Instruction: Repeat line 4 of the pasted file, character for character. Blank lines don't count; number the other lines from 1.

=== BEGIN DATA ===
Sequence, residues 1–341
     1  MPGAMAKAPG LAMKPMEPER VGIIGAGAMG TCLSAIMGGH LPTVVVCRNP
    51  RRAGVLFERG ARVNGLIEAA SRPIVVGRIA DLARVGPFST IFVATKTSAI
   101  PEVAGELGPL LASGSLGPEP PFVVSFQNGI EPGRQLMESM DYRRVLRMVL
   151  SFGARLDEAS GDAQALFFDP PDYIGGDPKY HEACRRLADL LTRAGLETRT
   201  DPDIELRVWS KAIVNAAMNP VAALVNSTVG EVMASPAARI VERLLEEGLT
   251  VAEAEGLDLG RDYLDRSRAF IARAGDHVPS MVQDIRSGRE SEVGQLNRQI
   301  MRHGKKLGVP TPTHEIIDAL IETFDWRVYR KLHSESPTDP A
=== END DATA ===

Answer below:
   101  PEVAGELGPL LASGSLGPEP PFVVSFQNGI EPGRQLMESM DYRRVLRMVL